Sisters and brothers, alight here.
Cease your flying about for a moment.
Alight here and rest your movement, your wings, your daily things.
Alight here and sing, sing the praise of our Creator.
Moses, after years of wandering, finally alighted at the edge of the promised land, and met God.
God, the hovering, brooding Spirit is safely guarding this nest of worship.
Alight here, and call on the winged Spirit of God.

— Lani Wright, Cottage Grove, Oregon

Welcoming Sabbath in Worship

  • On a designated Sunday, remove all timepieces from the sanctuary. Check watches at the door (put them in pockets or purses). Challenge congregation members to leave watches off all day, to live by the rhythms of creation (including their own bodies).
  • In the Black church tradition, a preacher might greet Sunday morning by shouting, "This is the day the Lord has made! Let us rejoice and be glad in it!" In what ways does your worship service welcome Sunday as a special, set-apart day? Reflect on the elements of your worship service, such as the call to worship, and look in your hymnals for hymns written especially for this day.
Person raising their hands in worship
praise band


Morning Has Broken

"Praise with elation, praise every morning,
God's re-creation of the new day."
Text: Eleanor Farjeon

O Day of Rest and Gladness

"O day of rest and gladness, O day of joy and light..."
Text: Christopher Wordsworth

Teach Me the Measure of My Days

"Teach me the measure of my days, thou Maker of my frame.
I would survey life's narrow space, and learn how frail I am."
Text: Isaac Watts (based on Psalm 39)

Day by Day

"Day by day, dear Lord, three things I pray:
to see thee more clearly,
love thee more dearly,
follow thee more nearly, day by day."
Text: St. Richard of Chichester

Books & Films

Read more about Receiving the Day: Christian Practices for Opening the Gift of Time
Receiving the Day: Christian Practices for Opening the Gift of Time
Dorothy C. Bass

Receiving the Day invites us to open the gift of time, to dwell in the freedom to rest and worship that God intends for us and for all creatures.

Read more about Sabbath Keeping: Finding Freedom in the Rhythms of Rest
Sabbath Keeping: Finding Freedom in the Rhythms of Rest
Lynne M. Baab

With collected insights from sabbath keepers of all ages and backgrounds, Sabbath Keeping offers a practical and hopeful guidebook that encourages all of us to slow down and enjoy our relationship with the God of the universe.

Read more about Sabbath: Finding Rest, Renewal, and Delight in Our Busy Lives
Sabbath: Finding Rest, Renewal, and Delight in Our Busy Lives
Wayne Muller

With wonderful stories, poems, and suggestions for practice, Muller teaches us how we can use this time of sacred rest to refresh our bodies and minds, restore our creativity, and regain our birthright of inner happiness.

Read more about Keeping the Sabbath Wholly: Ceasing, Resting, Embracing, Feasting
Keeping the Sabbath Wholly: Ceasing, Resting, Embracing, Feasting
Marva J. Dawn

Combining sound biblical theology and research into Jewish traditions with many practical suggestions, Keeping the Sabbath Wholly offers a healthy balance between head and heart: the book shows how theological insights can undergird daily life and practice, and it gives the reader both motivation and methods for enjoying a special holy day.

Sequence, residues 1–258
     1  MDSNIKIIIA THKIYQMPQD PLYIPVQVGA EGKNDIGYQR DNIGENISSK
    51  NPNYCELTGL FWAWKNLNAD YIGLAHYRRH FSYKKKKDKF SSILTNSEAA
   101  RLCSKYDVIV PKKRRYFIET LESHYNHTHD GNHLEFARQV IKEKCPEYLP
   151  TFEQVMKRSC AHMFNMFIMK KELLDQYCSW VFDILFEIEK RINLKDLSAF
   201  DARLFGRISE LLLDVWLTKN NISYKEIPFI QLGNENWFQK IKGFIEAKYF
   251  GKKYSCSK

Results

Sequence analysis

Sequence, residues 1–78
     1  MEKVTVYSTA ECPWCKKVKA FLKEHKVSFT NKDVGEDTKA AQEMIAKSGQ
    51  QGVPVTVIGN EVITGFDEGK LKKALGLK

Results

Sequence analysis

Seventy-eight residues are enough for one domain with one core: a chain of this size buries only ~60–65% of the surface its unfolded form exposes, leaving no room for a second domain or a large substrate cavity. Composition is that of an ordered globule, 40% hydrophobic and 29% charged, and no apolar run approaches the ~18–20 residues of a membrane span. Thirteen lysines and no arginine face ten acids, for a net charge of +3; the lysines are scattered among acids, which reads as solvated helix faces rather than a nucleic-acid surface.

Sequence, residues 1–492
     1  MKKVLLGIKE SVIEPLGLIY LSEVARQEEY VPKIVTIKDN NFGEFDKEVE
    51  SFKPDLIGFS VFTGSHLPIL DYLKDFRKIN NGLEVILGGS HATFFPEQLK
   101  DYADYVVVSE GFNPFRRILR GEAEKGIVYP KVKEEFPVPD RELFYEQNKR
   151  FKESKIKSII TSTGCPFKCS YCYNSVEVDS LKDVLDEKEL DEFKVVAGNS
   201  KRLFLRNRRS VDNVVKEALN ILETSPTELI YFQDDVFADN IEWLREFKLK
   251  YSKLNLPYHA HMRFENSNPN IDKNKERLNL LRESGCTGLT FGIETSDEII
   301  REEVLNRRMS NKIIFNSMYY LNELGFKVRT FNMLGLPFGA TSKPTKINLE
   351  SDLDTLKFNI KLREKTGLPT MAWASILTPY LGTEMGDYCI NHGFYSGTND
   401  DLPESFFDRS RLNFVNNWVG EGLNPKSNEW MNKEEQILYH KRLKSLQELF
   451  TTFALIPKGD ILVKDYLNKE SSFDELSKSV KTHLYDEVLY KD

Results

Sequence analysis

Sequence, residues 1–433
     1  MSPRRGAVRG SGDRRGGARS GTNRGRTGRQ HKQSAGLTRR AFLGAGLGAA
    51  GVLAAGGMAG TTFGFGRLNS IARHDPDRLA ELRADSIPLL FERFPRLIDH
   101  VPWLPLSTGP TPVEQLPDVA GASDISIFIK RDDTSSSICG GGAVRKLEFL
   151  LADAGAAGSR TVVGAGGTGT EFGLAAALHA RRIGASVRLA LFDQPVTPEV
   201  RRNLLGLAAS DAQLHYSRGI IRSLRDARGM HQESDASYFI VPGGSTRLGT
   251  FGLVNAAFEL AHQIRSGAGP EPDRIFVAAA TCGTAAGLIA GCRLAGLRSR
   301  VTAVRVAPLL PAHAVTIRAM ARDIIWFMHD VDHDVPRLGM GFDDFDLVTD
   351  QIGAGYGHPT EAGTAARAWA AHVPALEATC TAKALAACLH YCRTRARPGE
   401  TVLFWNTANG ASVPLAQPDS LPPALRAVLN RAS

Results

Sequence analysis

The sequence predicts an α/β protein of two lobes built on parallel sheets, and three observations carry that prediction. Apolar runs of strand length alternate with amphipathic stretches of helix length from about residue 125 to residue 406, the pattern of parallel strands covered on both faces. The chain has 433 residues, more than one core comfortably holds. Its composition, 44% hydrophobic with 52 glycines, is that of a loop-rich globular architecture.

Read more about The Sabbath
The Sabbath
Abraham Joshua Heschel

Elegant, passionate, and filled with the love of God’s creation, Abraham Joshua Heschel’s The Sabbath has been hailed as a classic of Jewish spirituality ever since its original publication — and has been read by thousands of people seeking meaning in modern life.

Read more about Groundhog Day
Groundhog Day

Phil Connors, a sarcastic weatherman, finds himself reliving February 2nd over and over again in Punxsutawney, PA — but he’s the only person who realizes it. A modern-day morality tale in the guise of a romantic comedy, this film explores different ways we might spend our time if we had all the time in the world.

Read more about Chariots of Fire
Chariots of Fire

Based on the true account of the British running team during the 1924 Olympic games in Paris. Eric Liddell, a Scottish missionary, is a sabbatarian who refuses to run any races on Sunday, the day he is scheduled for a preliminary heat in the 100 meter dash.

Read more about A Day Apart: How Jews, Christians, and Muslims Find Faith, Freedom, and Joy on the Sabbath
A Day Apart: How Jews, Christians, and Muslims Find Faith, Freedom, and Joy on the Sabbath
Christopher D. Ringwald

In a compelling blend of journalism, scholarship, and personal memoir, Christopher D. Ringwald examines the Sabbath from Creation to the present, weaving together the stories of three families, three religions, and three thousand years of history.

What Others Are Doing

Read more about Singing the life-giving song of exhalation
Female divers off the coast of Korea often hold their breath for several minutes at a time. When they emerge for air, they first exhale, emitting a distinctive cry, and then breathe in. Image from Times
Read more about A Minneapolis congregation finds new life through the ancient practice of keeping Sabbath
The addition of a contemplative Saturday evening service was part of a radical change in the worship life of Lake Nokomis Presbyterian Church.
Read more about Andrea Palpant Dilley: Slacking off and the call to Sabbath
Guy Watching TV


read more about Sabbatical for Others and Oneself

Sabbatical for Others and Oneself

Bill Gafkjen

In these blog posts, Pastor Bill Gafkjen advocates “the case for biblical sabbaticals” as a time of rest and renewal for others as well as for oneself.

read more about Sabbath (in series “Christian Reflection: A Series in Faith and Ethics”)

Sabbath (in series “Christian Reflection: A Series in Faith and Ethics”)

Robert Kruschwitz

The July 2002 issue of “Christian Reflection: A Series in Faith and Ethics” features a collection of essays on the topic of Sabbath-keeping, including an interview with Dorothy Bass on “Opening the Gift of Sabbath.” (c) 2002 The Center for Christian Ethics at Baylor University. All rights reserved. Permission is granted to reproduce these materials for personal or group study.

read more about Study Guides for “Sabbath”

Study Guides for “Sabbath”

Robert Kruschwitz

This is a companion study guide to the “Sabbath” issue of “Christian Reflection: A Series in Faith and Ethics.” (c) 2002 The Center for Christian Ethics at Baylor University. All rights reserved. Permission is granted to reproduce these materials for personal or group study.